Despite what you may hear from dodgy sources on social media, there is no known treatment for Covid-19, the illness caused by the novel coronavirus. Right now, there are only clinical trials.
Among the drugs being investigated is remdesivir, an experimental antiviral made by the US drug company Gilead Sciences. It has been characterized as one of the most promising by health authorities, including WHO officials—though that optimism is inspired only by anecdotal information. US data on remdesivir’s performance in controlled clinical trials is expected next month, and data from late-stage trials conducted in China will be released by the end of April.
The US military, however, has already secured access to remdesivir for its service members.
On March 10, the Pentagon announced a deal with Gilead Sciences in which the pharmaceutical company would supply the military with the intravenous drug at no cost. “Together with our government and industry partners, we are progressing at almost revolutionary rates to deliver effective treatment and prevention products that will protect the citizens of the world and preserve the readiness and lethality of our service members,” Army Brig. Gen. Michael Talley, commanding general of the US Army Medical Research and Development Command (USAMRDC) and Fort Detrick, Maryland, said in a media statement at the time.
Remdesivir has already been given to more than 1,700 Covid-19 patients globally. Many thousands more are receiving it in trials or in individually managed “compassionate use” cases approved by Gilead before the company shut down that pathway near the end of March.
To the uninitiated, news of the military’s deal with Gilead was surprising, shining a light on the military’s unique ability to acquire medications before the FDA has signed off on the same drug for average Americans, if it ever does. But it’s not the first time that the military has entered such an arrangement—it’s just the first time the drug in question has been one of exceedingly high interest to the public.
Here’s what we know about how the process works, and why the Pentagon decided to pursue a deal with Gilead.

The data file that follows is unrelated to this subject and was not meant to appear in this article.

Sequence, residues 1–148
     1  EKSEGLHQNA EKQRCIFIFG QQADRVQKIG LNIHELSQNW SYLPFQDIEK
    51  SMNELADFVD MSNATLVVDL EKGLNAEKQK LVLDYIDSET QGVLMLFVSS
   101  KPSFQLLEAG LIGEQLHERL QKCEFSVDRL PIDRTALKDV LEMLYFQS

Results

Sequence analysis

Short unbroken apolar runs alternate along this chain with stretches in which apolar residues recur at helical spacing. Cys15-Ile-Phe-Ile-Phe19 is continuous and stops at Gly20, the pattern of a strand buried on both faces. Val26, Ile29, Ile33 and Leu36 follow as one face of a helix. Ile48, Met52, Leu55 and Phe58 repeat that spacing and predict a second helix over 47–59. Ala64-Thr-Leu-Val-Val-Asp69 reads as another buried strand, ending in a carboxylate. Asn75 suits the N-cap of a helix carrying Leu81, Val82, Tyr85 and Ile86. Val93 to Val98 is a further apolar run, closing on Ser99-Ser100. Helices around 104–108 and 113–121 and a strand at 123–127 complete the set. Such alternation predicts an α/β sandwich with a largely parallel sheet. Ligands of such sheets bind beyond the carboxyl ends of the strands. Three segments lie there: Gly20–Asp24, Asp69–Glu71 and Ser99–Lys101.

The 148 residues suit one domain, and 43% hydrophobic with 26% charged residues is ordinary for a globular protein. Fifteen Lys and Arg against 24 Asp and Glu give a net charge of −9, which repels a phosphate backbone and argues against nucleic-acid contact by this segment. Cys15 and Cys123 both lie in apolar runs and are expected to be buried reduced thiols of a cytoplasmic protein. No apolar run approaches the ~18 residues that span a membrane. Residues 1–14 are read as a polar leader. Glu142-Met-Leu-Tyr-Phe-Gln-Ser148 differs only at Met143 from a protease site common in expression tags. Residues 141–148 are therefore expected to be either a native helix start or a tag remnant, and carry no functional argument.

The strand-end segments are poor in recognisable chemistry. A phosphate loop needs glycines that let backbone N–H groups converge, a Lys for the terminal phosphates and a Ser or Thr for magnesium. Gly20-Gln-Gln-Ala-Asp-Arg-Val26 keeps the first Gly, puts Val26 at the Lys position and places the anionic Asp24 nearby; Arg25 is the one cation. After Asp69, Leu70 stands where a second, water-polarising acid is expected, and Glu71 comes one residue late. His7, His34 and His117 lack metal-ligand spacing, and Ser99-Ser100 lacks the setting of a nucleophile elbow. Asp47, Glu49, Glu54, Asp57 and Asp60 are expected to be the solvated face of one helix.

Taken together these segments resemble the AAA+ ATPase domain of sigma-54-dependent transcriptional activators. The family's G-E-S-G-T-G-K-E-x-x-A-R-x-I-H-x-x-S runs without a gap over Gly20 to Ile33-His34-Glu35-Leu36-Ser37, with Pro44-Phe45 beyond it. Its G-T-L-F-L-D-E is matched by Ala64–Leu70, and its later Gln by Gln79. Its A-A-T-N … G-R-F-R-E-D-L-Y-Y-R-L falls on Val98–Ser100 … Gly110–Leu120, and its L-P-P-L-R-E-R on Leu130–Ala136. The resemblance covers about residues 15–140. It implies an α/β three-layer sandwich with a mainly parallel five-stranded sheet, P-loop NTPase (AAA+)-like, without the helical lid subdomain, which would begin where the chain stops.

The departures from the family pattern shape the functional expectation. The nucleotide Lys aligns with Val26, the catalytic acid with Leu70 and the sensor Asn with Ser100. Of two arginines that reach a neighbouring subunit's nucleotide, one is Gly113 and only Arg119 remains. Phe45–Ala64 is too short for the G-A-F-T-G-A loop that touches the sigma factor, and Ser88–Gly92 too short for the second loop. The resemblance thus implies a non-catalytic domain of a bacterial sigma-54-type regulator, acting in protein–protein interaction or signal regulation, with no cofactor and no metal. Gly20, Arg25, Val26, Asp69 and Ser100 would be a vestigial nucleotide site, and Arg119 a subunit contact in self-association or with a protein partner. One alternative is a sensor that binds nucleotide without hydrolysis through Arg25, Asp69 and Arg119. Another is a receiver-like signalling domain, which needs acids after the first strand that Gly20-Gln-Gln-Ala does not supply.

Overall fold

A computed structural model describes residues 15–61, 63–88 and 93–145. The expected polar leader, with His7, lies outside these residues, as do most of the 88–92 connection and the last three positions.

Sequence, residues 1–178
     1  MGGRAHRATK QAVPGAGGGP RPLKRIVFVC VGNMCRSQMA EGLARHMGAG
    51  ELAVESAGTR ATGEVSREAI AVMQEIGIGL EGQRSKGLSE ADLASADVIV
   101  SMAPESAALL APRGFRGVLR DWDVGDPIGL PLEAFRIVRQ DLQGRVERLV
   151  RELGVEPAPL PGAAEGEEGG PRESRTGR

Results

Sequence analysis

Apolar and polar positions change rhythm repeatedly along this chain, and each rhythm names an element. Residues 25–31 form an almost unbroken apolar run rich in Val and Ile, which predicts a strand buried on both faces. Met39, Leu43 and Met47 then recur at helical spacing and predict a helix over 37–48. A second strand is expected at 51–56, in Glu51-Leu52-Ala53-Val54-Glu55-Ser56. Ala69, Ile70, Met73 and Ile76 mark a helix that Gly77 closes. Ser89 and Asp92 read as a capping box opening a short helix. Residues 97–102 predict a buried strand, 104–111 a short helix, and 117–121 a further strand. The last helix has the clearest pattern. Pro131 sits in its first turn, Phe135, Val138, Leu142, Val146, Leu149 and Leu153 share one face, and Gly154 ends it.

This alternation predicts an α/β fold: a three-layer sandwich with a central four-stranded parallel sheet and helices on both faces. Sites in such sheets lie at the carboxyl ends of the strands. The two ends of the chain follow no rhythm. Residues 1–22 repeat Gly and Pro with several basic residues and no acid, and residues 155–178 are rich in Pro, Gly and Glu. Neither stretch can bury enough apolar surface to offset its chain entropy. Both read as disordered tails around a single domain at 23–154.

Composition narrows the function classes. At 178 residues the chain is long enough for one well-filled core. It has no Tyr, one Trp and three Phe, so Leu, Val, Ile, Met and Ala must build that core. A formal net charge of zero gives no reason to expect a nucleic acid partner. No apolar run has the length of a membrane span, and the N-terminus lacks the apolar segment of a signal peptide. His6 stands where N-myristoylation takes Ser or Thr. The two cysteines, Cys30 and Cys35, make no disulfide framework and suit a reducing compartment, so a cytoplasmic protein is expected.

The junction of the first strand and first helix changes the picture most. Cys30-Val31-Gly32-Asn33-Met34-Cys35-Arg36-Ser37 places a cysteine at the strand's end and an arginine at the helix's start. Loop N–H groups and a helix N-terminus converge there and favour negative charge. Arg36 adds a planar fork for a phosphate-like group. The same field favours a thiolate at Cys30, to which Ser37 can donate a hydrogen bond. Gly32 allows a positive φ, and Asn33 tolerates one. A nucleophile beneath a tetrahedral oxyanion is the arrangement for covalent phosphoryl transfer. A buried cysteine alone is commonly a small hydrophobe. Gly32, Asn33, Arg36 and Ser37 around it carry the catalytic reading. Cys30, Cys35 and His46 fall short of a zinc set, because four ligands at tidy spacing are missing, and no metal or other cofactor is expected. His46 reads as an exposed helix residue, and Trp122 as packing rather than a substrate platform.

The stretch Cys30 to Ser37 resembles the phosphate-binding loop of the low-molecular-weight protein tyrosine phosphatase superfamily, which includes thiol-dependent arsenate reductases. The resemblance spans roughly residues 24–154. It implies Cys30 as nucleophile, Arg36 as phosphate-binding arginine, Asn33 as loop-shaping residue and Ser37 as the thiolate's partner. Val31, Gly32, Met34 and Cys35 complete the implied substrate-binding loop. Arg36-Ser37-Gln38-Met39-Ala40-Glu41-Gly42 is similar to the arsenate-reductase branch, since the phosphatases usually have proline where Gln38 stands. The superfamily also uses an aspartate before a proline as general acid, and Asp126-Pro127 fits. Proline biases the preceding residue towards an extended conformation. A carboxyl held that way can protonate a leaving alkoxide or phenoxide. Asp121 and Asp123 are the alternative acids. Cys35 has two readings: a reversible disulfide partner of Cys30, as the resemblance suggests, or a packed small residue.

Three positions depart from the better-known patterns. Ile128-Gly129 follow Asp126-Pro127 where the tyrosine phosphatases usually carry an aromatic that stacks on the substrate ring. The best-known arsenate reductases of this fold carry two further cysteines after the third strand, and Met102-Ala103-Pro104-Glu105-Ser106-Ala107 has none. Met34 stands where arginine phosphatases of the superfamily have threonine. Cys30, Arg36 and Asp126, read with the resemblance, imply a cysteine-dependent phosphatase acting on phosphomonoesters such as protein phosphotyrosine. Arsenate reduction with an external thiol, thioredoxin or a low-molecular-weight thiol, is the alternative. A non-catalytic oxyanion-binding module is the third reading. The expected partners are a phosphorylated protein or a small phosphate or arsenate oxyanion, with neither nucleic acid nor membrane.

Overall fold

The US military has an obvious strategic and humanitarian interest in protecting its soldiers from pandemic diseases. That’s a task that should be easier to orchestrate now, when the country is not involved in a major war, than during a pandemic like the Spanish flu of 1918. One hundred years ago, the most successful practices for dealing with the flu’s devastation were some of the same in use now: social distancing, quarantines, and good hygiene, as a recent report from RAND explains.
Today, however, the Pentagon also has a unique team called Force Health Protection in its corner. This group is devoted to managing and procuring investigational drugs and other medical products on behalf of the US Army Medical Materiel Development Activity (USAMMDA), a division of the USAMRDC.
Under army regulations, the USAMMDA can enter into a special contract—a “Cooperative Research and Development Agreement”—with an organization like Gilead and become designated as a “laboratory,” a USAMMDA spokesperson said. In this way, the Department of Defense has “the capability to use investigational medical products, that are in development, with enough safety, efficacy, and dosing information to respond to high consequence threats when there is no FDA-approved or feasible treatment.”
It’s debatable whether we would call the practice “treatment” or “research.” Although it appears on the ClinicalTrials.gov website as an expanded access program, the USAMMDA told Quartz that the contract with Gilead “is not part clinical trial but a treatment protocol.”
The role of Force Health Protection was also profiled in an official interview with James Karaszkiewicz, a senior scientist for the team, published in 2018. He said the unit “forms a bridge between the regulatory world and the product development world.”
“We make products available to the Warfighter, and in some cases dependents, prior to their licensure,” he said. “But all of this is done under appropriate US Food and Drug Administration regulatory mechanisms.” The team’s staff is familiar with niche regulatory mechanisms around emergency use authorizations and expanded access programs for investigational drugs, he explained, calling these obscure pockets of FDA rules “the center of our world.” In 2018, Force Health Protection unit was managing 11 medical products in total.